It looks like we might have done our Windows 8 coverage the wrong way around as we are now seeing a host of articles that are showing off the new look of the desktop, the Metro UI News, Sports and Weather apps and more. This is very odd as we have been talking about much this since the Build Conference. Still it is very possible that some of these sites are now listing these items in a new PR push for Microsoft. After all the most recent one we saw on the new Desktop Look had a direct quote from them on Aero and the “vista” look.
When Microsoft first announced that only Microsoft based products would have access to the “desktop” mode in Windows on ARM (Windows RT) we began to wonder just how long it would take for Mozilla, Google, Opera and others to chime in about how wrong this is. We now have heard from Mozilla who seems to feel that this lock out from the desktop is nothing more than Microsoft being unfair to the competition and, according to Mozilla, is in violate of the promises Microsoft made to both the EU and the US DoJ.
Windows 8 will be released for both x86 and ARM tablets in Q4 of this year (2012). We have talked about what that means to both Apple and Google and managed to ruffle more than a few feathers in the process. Today we read an interesting story that shows the New iPad is scoring the same as the iPad 2 when it comes to Futuremark’s Peacekeeper benchmark. This test is meant to test different browsers and their ability to perform different tasks. According to the results page the New iPad scored just one more point than the iPad2. This does not mean that the hardware is slower, in fact is means just the opposite considering a few important factors.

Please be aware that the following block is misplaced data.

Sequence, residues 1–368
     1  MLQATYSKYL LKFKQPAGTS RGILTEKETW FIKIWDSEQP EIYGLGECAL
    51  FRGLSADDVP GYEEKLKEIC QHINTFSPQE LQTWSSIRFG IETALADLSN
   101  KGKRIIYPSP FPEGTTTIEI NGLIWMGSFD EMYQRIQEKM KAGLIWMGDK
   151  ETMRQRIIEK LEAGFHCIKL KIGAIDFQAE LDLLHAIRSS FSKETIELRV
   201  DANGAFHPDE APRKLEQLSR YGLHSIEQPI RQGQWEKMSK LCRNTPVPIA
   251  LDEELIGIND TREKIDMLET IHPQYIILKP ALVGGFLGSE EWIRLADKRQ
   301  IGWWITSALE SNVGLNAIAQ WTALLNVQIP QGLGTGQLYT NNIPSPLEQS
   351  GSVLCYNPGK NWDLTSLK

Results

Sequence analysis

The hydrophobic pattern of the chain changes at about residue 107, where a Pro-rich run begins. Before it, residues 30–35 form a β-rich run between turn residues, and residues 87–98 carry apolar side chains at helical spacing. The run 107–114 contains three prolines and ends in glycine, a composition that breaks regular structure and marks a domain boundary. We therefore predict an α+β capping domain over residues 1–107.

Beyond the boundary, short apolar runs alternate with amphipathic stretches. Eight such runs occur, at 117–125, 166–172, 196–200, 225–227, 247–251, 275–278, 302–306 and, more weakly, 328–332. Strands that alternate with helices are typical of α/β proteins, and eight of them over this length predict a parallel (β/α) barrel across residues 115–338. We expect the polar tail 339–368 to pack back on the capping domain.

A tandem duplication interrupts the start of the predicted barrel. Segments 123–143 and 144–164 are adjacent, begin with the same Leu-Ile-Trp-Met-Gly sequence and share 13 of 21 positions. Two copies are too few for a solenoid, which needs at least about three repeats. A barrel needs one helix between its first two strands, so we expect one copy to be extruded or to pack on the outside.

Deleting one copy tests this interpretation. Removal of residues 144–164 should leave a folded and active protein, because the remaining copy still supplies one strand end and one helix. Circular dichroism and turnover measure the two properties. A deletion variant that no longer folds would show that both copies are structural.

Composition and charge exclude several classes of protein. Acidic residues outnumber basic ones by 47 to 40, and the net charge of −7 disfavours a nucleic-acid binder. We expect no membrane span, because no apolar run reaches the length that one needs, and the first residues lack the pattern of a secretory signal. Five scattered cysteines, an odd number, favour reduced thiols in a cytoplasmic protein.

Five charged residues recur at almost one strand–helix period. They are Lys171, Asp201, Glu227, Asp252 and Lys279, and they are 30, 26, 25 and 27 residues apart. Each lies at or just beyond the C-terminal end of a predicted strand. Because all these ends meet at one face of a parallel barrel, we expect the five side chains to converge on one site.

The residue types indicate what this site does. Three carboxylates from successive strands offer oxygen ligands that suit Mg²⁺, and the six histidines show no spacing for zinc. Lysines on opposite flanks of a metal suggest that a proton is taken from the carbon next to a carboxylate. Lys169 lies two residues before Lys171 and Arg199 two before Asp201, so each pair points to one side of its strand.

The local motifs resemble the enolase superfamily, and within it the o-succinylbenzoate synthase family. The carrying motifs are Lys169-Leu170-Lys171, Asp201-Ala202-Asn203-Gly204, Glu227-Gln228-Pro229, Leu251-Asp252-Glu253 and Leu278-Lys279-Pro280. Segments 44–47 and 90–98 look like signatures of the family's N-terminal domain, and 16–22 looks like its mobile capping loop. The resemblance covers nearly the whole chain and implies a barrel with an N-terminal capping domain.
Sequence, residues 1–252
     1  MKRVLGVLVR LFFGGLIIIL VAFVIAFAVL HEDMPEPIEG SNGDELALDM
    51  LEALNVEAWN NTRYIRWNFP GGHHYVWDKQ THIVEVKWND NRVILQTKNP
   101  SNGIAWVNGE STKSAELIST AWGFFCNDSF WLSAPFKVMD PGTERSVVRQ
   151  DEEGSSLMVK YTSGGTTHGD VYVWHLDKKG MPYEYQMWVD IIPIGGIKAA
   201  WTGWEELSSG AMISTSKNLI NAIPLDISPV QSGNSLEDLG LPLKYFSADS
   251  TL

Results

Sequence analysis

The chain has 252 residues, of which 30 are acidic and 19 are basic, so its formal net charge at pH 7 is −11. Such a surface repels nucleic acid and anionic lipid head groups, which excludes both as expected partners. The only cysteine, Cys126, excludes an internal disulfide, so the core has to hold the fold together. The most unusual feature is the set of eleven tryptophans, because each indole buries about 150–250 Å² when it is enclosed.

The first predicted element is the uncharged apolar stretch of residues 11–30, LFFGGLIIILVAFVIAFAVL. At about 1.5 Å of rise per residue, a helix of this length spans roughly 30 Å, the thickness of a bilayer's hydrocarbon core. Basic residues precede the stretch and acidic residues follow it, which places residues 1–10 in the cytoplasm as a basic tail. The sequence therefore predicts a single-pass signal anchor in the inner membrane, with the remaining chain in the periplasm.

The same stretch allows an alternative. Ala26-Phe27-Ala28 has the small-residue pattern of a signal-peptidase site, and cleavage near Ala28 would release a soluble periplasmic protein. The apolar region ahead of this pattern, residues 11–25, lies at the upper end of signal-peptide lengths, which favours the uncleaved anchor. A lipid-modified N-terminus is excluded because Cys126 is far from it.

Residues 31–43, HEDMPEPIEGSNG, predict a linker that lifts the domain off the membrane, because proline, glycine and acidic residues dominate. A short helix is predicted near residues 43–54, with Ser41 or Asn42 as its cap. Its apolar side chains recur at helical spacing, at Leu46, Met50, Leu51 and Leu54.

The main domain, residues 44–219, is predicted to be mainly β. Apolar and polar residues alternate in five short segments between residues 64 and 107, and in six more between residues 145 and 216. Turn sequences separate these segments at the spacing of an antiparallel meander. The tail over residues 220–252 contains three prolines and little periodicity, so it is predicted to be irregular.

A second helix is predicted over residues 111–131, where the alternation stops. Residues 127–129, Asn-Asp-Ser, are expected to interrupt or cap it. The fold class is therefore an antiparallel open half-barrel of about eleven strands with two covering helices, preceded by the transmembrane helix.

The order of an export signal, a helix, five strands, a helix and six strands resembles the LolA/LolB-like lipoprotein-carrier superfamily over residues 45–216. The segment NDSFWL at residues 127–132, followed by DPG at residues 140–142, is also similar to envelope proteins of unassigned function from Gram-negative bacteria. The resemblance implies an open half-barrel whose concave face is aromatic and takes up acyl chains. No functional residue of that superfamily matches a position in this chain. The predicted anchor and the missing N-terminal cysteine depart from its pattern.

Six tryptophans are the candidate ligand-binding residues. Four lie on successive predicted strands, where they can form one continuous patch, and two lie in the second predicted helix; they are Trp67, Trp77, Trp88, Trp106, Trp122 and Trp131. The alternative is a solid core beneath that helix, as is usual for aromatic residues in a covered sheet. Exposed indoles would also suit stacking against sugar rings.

Microsoft is doing the hard sell on Windows 8 features and in particular they have made a valiant effort to push past some of the bad press (and consumer grumbling) about Metro UI and the way many of the apps are locked down. We have talked a little about this and even touched on it during some of our gaming coverage. Although you can launch “desktop” applications from the Start Screen (The Metro UI interface) you are not actually running them there. The only apps that will run in Metro UI Mode are ones that are downloaded from the Microsoft Store. This limits the functionality of the OS in many ways. Sure you can get some applications to interact with each other, but even then there are limitations.